November 15, 2010
It would be an egregious error to study the life of Jesus and conclude that he only said things that made people happy. On the contrary, the Master sometimes spoke things that filled people with rage. But what was it that dictated whether people would be offended at his words or not? What did the Master speak?
It’s obvious that He spoke truth, bringing light to the darkness and exposure to the concealed. This would offend anyone that loves the darkness and is hiding behind a semblance of religious piety. Truth is offensive to anyone living in darkness.
One thing that must be factored in is the offensiveness of Jesus calling himself God. The reason why many people were offended at him was because of this self-deification. Yet this wasn’t the only reason. Jesus often spoke in parables against the Pharisees and teachers of the Law; consequently, they went away gnashing their teeth and plotting murder.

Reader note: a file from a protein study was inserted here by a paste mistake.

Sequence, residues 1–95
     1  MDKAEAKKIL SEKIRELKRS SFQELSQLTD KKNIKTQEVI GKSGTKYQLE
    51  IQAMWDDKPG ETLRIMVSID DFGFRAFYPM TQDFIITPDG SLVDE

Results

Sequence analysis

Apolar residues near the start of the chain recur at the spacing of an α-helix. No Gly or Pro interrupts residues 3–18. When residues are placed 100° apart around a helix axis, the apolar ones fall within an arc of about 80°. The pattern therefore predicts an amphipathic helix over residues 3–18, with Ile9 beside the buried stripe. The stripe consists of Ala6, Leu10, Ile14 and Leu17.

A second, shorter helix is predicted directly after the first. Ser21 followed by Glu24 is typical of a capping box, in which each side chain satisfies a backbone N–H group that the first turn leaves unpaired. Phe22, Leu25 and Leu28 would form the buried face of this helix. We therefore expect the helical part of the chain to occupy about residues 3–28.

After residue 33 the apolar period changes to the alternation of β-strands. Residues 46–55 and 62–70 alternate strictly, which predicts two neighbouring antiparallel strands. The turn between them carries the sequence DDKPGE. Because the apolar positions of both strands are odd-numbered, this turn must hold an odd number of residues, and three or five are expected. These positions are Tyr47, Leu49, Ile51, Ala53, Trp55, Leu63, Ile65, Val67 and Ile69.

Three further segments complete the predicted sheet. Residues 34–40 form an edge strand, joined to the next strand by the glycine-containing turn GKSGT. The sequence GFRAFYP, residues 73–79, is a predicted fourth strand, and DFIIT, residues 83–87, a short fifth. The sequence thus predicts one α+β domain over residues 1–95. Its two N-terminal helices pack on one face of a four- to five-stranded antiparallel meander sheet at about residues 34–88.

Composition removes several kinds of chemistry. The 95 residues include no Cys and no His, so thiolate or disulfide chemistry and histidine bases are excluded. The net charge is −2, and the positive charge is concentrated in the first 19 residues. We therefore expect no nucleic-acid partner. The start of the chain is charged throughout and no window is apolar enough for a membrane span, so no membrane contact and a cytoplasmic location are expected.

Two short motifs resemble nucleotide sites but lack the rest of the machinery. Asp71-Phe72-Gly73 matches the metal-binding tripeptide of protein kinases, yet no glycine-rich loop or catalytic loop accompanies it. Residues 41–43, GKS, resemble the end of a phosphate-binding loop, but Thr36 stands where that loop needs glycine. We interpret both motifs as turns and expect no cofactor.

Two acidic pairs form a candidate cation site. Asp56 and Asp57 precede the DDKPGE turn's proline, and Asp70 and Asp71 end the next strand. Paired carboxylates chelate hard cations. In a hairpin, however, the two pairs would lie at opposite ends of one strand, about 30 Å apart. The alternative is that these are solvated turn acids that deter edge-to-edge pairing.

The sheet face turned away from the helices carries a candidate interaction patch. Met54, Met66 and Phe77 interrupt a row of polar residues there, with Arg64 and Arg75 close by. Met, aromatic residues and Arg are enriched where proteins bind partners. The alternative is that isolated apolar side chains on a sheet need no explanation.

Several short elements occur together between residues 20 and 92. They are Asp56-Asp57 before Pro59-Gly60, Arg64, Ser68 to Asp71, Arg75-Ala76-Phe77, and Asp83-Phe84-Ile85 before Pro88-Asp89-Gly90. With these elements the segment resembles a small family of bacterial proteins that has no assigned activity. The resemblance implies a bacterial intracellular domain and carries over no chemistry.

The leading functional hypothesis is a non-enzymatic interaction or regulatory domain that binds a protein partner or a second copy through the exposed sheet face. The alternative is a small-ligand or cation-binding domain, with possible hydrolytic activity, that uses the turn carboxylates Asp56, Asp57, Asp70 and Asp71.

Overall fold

It was because he spoke truth, bringing light to their darkened matters. The student of Jesus, therefore, mustn’t be afraid to speak truth at the cost of offending others. However, the motive behind the speaking of truth must be love. If the student of Jesus has not love, he has no license to speak into the lives of others. The student of Jesus must learn to love, then learn to speak the truth as an offshoot of that love (see 2 Timothy 2:24-26).
Speaking the truth will quickly place one in the same position as Jesus: few friends, many enemies.
The Master’s pupil must speak the truth in love.
No matter how offensive it may be, you must speak the truth. No matter how right you may be, you must speak in love.
(See also: John 18:37)